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WASHINGTON - In the United States, Democrat Joe Biden is now being called the president-elect.
That means Biden, a fixture on the Washington political scene for nearly a half century, is the country's leader-in-waiting.
President-elect is a descriptive term not an official office. As such, Biden has no power in the government, and he won't until he is inaugurated at noon on January 20, 2021.
American news networks, which track all of the vote counting, on Saturday morning projected that Biden's lead had become insurmountable in Pennsylvania, the state that would put him over the 270 electoral votes needed to be president. Within minutes of determining his lead was mathematically assured, they projected him as the winner.
That is why news organizations, including VOA, are calling Biden the "projected winner."
Sometimes, in the case of particularly close elections, when news networks make this call, the other candidate does not concede victory. President Donald Trump has not done so, alleging voter fraud without substantial evidence and vowing to fight on.
Still, Biden is moving forward with planning for the transition and considering key appointments to his administration. He says that in the first days after taking office he will reverse several Trump policies.
So, there is much for Biden to consider and prepare for in the next 2.5 months, but he does not yet have any authority in an official capacity.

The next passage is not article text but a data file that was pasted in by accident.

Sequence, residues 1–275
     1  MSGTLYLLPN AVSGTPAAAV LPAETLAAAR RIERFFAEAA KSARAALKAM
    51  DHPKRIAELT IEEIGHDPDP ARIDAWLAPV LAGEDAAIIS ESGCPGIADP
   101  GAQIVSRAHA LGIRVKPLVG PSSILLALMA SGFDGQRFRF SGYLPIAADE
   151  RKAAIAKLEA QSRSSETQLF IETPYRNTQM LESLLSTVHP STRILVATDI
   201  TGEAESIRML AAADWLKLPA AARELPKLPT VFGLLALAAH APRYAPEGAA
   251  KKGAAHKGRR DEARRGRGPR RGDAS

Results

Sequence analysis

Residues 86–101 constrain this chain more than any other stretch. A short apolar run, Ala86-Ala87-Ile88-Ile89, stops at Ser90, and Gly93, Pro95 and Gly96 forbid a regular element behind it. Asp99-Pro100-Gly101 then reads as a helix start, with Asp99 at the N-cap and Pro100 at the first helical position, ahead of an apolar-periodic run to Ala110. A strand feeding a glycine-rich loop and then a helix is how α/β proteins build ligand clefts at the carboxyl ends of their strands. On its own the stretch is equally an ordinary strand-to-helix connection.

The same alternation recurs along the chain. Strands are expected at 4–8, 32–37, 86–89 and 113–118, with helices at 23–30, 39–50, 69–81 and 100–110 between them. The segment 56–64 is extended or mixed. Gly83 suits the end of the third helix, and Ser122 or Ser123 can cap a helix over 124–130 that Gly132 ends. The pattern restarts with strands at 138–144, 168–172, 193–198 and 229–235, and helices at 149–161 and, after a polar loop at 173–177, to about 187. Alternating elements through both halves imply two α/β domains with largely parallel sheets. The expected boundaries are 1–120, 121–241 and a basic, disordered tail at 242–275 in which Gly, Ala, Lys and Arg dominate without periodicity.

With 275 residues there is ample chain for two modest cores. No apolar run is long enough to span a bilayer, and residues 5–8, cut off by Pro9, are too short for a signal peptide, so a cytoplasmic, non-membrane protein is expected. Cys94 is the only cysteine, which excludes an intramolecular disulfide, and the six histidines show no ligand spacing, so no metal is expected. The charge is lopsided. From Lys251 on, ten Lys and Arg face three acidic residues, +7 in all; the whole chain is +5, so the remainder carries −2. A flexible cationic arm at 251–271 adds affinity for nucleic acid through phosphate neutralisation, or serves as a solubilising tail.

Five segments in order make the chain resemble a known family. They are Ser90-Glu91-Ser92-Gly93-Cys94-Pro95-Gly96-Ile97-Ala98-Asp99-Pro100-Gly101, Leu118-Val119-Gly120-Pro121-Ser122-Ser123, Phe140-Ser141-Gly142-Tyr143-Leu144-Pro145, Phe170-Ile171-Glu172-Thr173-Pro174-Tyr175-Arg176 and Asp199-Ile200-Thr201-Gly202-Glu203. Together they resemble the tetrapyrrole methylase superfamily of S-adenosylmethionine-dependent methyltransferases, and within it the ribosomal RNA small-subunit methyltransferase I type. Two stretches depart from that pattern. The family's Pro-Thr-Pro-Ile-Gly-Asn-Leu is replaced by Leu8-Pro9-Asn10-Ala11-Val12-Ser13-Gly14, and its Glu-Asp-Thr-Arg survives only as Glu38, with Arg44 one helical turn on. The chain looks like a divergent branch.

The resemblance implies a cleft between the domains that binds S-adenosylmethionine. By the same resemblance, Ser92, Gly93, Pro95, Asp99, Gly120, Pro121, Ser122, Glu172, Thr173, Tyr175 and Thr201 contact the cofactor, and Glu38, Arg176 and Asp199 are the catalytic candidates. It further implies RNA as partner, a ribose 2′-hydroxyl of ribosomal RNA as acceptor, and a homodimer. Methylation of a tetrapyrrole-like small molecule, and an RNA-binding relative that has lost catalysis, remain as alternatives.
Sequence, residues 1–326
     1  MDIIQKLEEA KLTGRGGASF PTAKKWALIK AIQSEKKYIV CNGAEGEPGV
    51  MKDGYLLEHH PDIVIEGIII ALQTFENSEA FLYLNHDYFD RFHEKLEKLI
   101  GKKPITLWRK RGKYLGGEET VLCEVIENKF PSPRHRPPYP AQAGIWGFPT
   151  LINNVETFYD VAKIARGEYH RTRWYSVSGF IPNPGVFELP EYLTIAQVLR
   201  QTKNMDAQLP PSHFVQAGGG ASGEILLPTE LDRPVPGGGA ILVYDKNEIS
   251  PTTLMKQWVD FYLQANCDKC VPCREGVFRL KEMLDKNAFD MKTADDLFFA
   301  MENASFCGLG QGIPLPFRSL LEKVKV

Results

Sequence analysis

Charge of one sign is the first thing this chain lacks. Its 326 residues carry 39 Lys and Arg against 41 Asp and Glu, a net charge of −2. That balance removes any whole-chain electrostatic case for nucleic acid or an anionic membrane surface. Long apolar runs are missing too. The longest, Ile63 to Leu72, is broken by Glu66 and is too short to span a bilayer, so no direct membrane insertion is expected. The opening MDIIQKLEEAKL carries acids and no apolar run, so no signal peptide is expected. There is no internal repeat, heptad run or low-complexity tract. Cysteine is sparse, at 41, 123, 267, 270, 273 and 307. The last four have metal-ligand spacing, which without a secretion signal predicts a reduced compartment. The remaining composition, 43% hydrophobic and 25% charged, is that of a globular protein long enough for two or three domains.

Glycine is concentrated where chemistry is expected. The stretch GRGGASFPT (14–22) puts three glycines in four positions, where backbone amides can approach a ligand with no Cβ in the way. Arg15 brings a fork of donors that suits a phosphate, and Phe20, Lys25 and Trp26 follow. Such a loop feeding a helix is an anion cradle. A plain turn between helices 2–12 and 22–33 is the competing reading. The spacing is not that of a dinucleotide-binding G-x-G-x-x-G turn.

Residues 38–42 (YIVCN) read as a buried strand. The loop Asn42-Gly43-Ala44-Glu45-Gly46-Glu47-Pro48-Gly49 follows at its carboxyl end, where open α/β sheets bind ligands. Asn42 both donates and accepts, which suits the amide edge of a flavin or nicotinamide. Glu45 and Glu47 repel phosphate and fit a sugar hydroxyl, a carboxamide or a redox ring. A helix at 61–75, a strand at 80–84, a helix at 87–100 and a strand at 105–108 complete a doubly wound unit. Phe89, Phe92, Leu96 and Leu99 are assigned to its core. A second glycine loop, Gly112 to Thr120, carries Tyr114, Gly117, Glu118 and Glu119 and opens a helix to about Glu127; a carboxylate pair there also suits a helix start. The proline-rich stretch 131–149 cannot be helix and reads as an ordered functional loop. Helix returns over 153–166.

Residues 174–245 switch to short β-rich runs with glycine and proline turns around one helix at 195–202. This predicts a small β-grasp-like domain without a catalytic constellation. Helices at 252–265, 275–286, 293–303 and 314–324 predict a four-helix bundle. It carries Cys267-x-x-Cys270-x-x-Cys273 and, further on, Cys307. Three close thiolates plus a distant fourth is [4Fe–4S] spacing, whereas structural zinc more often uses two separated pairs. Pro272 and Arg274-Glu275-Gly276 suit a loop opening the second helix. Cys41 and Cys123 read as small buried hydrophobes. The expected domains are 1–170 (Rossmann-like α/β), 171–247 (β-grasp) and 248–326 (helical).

Trump remains president as his four-year term as the country's 45th president winds down.
Certifying election tally
The U.S. election won't be officially certified for weeks.
First, election officials in each of the country's 50 states and the District of Columbia must certify the official vote count for Biden and Trump. Numerous states are still counting ballots from Tuesday's election and the weeks of early voting.
The U.S. elects its presidents through an indirect form of democracy, in the 538-member Electoral College, where a majority of 270 votes are needed to claim the presidency. The most populous states hold the most sway in determining the outcome, not the national popular vote.
In all but two states, the vote-count winner collects all of the state's electors. In lightly populated Maine and Nebraska, the electors are determined by congressional district and the statewide outcome.
Both Biden and Trump have state-by-state lists of pledged electors who then cast their votes in the Electoral College in mid-December, depending on the outcome in the individual states. Congress then certifies the overall Electoral College result in early January, about two weeks before Inauguration Day.
Trump has filed numerous lawsuits claiming irregularities in the voting and vote counting over the past several days. He says, without evidence so far, that those irregularities would reverse the presumed Biden victory and hand Trump a second four-year term.
But all U.S. major television networks and leading newspapers have declared Biden the winner, even as Trump continued Sunday to claim that he was cheated out of reelection.
So, with Biden ahead in the unofficial Electoral College count and believed to have more electors than the 270 majority he needs to claim the presidency, he is being called the president-elect.